How to Get Back to Nature

Discover the benefits of reconnecting with the natural world
Published April 26, 2016

With spring’s warmer weather, now is a great time to get outdoors and reconnect with the outside world. Recent research shows that connecting with nature is essential to our physical, psychological and social well-being. Senior citizens who live near green spaces tend to live longer, while those who interact with nature regularly are usually happier and feel more fulfilled.

“Spending time in nature connects us with the world we have evolved in,” says Jon Hayes, the Programs Coordinator at the High Park Nature Centre in Toronto. “We spend so much time on our screens, when we go sit outside and notice the world around us, it brings us back to something that we are missing.”

So how can you reap all of nature’s wonderful benefits? The first step is to engage with it.

“When you engage with something, you start to care about it, and then you want to extend your knowledge about it and from that knowledge, it will inform the decisions that you make,” says Hayes. “People are starting to realize this whole world around them that we often walk right on by, but once you have a little bit of knowledge, you start to notice things that you didn’t notice before and it really enriches your life.”

Here are five easy ways to reconnect with nature, so you too can enjoy an enriching outdoors experience.

Go for a walk
“I have never regretted going for a walk,” says Hayes. “I have worked at High Park for nine years and each time I go for a walk, I find something fascinating that I want to learn more about.” Not only will a walk outdoors introduce you to a variety of species and plants and wildflowers, but also going for a “walk in the park” has been proven to be an instant mood enhancer. So grab your sneakers and walk to your nearest park or green space. Your heart and head will thank you for it.

Study your backyard
Whether you live in suburbia or a rural area, chances are you have a ton of nature and wildlife right underneath your nose – all you have to do is pay attention. “It’s as simple as noticing the flowers and insects around you,” says Hayes. “If you look carefully, you can notice there are a lot of different insects in your own backyard.” Live in the city? Visit your local park. Noticing and being with something without trying to change or fix it can be extremely healing. Taking the time to fully explore something new, while also benefiting from nature’s restorative effects, is pretty much super soul goodness.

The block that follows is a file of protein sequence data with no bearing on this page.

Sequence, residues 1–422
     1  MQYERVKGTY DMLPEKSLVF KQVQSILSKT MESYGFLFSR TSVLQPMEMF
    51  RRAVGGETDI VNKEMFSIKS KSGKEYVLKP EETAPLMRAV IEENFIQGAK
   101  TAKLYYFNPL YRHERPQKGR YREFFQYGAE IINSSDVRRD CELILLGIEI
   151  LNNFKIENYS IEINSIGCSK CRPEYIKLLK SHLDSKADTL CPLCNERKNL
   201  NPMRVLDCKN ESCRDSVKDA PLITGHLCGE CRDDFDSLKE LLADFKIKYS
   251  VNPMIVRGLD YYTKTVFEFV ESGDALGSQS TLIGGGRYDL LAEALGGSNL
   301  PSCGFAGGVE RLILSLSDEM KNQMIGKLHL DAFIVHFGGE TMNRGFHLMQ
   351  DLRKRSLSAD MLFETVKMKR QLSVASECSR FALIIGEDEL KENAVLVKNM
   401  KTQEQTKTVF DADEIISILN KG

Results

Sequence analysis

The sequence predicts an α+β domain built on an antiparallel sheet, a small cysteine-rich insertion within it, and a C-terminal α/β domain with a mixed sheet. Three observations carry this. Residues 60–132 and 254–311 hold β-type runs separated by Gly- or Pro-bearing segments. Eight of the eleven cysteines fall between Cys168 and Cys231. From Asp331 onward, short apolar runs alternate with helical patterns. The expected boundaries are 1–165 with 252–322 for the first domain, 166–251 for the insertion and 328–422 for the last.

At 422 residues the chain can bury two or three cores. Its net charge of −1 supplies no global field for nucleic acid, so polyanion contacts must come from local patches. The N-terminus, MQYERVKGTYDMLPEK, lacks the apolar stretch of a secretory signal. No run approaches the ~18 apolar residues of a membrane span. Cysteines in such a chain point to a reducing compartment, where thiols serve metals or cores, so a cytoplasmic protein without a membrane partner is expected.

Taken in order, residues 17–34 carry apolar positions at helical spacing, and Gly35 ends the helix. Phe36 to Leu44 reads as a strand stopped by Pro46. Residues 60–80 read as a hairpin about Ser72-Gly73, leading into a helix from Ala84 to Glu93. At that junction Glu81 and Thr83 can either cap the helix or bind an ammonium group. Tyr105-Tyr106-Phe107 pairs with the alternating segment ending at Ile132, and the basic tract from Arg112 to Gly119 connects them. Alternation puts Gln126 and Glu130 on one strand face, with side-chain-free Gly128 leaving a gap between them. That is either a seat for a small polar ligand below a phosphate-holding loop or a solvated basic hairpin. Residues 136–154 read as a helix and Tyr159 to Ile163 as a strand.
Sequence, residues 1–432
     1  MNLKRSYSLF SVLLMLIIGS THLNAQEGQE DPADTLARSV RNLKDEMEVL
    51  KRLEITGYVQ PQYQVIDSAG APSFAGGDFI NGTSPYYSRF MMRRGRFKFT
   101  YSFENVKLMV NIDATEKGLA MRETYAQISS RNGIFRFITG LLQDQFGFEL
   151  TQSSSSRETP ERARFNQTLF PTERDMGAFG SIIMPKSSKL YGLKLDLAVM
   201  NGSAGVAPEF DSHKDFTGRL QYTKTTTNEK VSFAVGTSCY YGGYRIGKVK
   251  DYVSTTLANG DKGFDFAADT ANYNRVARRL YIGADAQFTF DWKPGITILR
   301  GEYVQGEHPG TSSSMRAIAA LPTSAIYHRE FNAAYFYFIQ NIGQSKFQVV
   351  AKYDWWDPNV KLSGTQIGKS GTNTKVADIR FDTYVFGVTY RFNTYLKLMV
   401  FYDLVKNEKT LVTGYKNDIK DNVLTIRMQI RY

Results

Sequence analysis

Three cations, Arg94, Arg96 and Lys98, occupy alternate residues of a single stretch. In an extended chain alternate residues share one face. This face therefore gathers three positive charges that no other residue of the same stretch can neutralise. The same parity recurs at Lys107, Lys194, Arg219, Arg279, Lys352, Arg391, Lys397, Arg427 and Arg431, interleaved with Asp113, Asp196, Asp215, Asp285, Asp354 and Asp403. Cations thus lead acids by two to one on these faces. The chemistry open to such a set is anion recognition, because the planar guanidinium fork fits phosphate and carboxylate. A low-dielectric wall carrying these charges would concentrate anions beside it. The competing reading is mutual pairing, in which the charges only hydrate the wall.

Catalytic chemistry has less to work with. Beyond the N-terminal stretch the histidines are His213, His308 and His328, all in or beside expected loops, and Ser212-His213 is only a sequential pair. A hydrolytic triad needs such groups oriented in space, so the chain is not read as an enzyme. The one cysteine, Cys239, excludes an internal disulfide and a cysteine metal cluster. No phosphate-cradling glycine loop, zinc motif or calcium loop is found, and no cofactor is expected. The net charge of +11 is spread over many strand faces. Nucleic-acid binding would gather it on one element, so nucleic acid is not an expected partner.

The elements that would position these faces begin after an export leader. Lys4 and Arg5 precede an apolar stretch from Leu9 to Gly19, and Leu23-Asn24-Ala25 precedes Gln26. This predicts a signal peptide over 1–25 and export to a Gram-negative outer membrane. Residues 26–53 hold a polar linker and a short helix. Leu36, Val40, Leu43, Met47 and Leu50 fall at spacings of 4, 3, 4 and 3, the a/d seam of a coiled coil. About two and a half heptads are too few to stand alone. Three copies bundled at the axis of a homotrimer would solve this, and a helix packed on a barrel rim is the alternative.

Keep a nature journal
Keeping a nature journal combines the soothing effects of both creativity and nature. Hayes suggests using it to keep track of what species, plant or animal you are seeing and when. “For example, when do you see the first maple leaf of the season and where? Things like that,” he says.  “You can make sketches in your book about the world around you. They don’t have to be great sketches, just observations on pages, maybe a poem, something that you are noticing. Maybe you make a list of the different birds you see. You don’t even have to know the correct names of the birds. Just give them names that are meaningful to you.”

Join a birding club
Hayes also recommends joining your local birding club, a hobby that has soared to new heights in recent years across North America. Birding, which is basically the hobby of observing birds in their natural habitat, not only connects you to the wildlife outdoors, but also to people who have the same interest. “Connecting with other people who enjoy nature is a great way to expand your knowledge and it’s fun,” says Hayes. Another option?  Snap pics of your neighbourhood birds and submit your sightings to eBird.ca.

Visit a nearby nature centre
Luckily, we live in a country that has an abundance of nature from coast-to-coast. Not surprisingly there are a number of nature sanctuaries, like Toronto’s High Park Nature Centre, across the country that are worth checking out. From Vancouver and Edmonton to Ottawa and Halifax, these eco-friendly establishments offer a wide array of workshops and activities that encourage connecting with and understanding the wildlife and nature that exists around us.

“Nature study combines your head, your head and your body,” says Hayes. “You learn the facts and knowledge with your brain, you start to care about them with your heart and you experience them with your body. When these three are combined, spending time in nature isn’t a chore, but something you want to do.”